1st African-American to remain on Pointes council

Shawn D. Lewis
The Detroit News
Sierra Leone Donaven is the first African-American to serve on the Grosse Pointe Farms City Council. She is pictured here outside of her Grosse Pointe Farms home which she purchased in 2011.

Grosse Pointe Farms — A woman poised to become the first African-American council member in any of the five Grosse Pointes says she's continuing onto her seat despite some questioning her past. 

Sierra Leone Donaven, 58, is scheduled to be sworn in as a member of Grosse Pointe Farms' city council on Aug. 13 after receiving a unanimous appointment from the panel during a July 12 meeting to fill a vacant seat.

Despite feeling she should resign Friday, Donaven said she will remain on council.

"In the last 24 hours, I've received support from the entire city council so I am going to continue on and I'm very happy," Donaven said Saturday. 

Donaven said she was visited at her home Friday by Mayor Louis Theros and Councilman Lev Wood to discuss an anonymous letter the mayor received that tipped him off on a misdemeanor case against her that was dropped more than a decade ago when she was a federal investigator with the Bureau of Alcohol, Tobacco, Firearms and Explosives in Detroit.

Theros asked her to notify each of the other councilmembers to determine whether they would still support her, she said.

“The mayor said he did not ask me to resign,” Donaven told The Detroit News after their meeting. “He clarified that he will support me and said he did not want me to resign.”

The point of concern is that in 2005, Donaven was accused of using a government database to alert a convicted drug dealer about the status of federal investigations.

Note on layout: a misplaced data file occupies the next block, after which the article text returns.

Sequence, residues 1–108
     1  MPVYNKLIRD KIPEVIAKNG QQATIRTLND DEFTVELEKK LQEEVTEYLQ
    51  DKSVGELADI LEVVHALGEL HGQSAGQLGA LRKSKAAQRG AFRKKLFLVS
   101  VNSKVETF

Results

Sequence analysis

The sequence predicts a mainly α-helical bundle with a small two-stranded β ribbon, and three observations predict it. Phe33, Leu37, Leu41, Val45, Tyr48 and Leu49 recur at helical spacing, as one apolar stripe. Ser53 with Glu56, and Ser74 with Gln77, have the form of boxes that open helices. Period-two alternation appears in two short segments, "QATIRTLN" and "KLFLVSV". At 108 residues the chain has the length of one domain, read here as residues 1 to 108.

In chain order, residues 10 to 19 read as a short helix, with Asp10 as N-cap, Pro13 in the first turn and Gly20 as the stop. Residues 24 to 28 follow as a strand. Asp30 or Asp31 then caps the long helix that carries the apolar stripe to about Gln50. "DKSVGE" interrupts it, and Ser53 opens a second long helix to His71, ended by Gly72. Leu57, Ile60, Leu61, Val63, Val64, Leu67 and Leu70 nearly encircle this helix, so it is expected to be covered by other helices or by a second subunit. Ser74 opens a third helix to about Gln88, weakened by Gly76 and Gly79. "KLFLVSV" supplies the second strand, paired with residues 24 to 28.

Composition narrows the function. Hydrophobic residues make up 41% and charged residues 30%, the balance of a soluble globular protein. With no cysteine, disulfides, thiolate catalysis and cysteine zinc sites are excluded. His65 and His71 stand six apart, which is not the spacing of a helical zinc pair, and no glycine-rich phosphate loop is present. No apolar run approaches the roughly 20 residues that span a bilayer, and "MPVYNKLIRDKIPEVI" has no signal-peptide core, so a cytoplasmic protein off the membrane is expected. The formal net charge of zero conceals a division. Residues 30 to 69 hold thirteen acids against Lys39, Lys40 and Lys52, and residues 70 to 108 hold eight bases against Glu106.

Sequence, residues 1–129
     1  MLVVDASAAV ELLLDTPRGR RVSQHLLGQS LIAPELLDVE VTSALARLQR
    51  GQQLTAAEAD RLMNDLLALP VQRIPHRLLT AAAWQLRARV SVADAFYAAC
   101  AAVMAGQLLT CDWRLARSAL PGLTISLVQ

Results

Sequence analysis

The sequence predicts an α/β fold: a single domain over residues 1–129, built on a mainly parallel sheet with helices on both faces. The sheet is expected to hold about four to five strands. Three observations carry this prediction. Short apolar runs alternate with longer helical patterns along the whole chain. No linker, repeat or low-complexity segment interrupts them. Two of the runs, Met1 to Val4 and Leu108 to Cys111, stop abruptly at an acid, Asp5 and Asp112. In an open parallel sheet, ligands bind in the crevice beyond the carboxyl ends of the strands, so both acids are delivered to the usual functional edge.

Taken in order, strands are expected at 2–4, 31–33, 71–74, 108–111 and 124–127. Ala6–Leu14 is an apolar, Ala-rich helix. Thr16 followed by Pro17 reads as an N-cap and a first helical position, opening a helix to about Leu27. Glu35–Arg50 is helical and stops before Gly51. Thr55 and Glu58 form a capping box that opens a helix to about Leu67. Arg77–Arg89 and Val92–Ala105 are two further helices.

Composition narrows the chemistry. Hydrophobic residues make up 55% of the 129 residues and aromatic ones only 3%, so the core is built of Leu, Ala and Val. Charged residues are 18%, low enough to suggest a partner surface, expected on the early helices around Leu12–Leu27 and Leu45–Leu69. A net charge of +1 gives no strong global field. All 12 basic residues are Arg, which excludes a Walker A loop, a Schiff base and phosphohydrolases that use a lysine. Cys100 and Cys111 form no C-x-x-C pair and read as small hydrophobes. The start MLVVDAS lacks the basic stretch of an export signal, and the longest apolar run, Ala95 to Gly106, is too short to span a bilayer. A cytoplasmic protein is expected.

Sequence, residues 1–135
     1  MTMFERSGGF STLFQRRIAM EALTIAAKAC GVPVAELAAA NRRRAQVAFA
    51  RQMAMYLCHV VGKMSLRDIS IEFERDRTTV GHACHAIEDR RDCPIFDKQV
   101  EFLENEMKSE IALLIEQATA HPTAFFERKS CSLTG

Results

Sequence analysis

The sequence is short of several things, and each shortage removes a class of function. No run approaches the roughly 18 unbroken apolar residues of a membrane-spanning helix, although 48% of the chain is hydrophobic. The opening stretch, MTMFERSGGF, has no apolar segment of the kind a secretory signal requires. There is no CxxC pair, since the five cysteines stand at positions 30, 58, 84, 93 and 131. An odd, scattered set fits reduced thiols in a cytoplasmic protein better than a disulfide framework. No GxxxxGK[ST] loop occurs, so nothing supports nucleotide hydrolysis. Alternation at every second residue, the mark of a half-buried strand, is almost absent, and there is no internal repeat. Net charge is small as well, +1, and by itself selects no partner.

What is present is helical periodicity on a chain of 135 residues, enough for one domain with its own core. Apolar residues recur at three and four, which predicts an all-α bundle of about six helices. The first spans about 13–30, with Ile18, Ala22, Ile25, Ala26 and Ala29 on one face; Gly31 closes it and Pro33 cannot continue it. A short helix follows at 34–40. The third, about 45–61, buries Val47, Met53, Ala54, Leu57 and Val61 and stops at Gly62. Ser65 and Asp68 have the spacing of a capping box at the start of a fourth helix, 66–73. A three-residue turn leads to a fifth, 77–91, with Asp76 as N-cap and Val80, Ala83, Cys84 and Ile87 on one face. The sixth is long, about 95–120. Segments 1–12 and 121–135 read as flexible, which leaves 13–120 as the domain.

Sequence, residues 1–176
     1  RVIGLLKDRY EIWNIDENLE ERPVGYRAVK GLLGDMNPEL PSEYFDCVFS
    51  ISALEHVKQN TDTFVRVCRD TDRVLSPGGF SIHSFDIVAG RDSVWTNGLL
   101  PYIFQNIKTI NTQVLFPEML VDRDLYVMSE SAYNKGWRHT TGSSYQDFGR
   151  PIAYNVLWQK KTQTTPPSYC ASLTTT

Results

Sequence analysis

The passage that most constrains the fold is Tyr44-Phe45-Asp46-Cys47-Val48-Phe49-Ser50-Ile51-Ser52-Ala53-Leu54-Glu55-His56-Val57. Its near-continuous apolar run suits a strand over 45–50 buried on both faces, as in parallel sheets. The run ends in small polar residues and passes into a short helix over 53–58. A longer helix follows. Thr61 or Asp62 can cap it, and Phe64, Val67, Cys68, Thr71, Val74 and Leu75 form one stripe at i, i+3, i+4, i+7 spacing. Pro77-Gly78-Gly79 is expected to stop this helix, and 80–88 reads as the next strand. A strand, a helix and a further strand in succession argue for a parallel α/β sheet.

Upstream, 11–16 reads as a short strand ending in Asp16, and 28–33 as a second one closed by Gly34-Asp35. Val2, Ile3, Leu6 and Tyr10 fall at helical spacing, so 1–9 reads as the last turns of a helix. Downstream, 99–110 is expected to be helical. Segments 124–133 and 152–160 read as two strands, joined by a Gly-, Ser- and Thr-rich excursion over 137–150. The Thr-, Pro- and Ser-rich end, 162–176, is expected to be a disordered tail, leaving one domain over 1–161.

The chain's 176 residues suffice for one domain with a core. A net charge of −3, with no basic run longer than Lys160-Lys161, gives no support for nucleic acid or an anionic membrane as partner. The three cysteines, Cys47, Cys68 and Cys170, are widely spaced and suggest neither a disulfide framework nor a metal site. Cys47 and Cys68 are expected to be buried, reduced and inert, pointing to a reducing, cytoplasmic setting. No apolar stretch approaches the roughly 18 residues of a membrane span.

She was charged in U.S. District Court with a misdemeanor count of computer fraud for using the Treasury Enforcement Communications System to search for information about a drug dealer with whom she had a “personal relationship,” the government alleged at the time.

But in 2006, a federal judge dismissed the charges and the Justice Department abruptly dropped the case without presenting evidence or going to trial. Donaven, who retired in 2004 after 20 years on the job, consistently denied any improper conduct.

"The case was dismissed," she said. "The matter was addressed truthfully, completely and resolved.”

Donaven told Theros she wouldn't step into the position if she was not fully supported — and on Saturday, she said she's confident she is. 

"I value Sierra, and I expressed as much to her," Theros said. "She brings great perspective and experience to the table. ... I hope it ends with a valued person serving the city that we all love and admire." 

Read more: First African-American’s rise to a Grosse Pointes council in doubt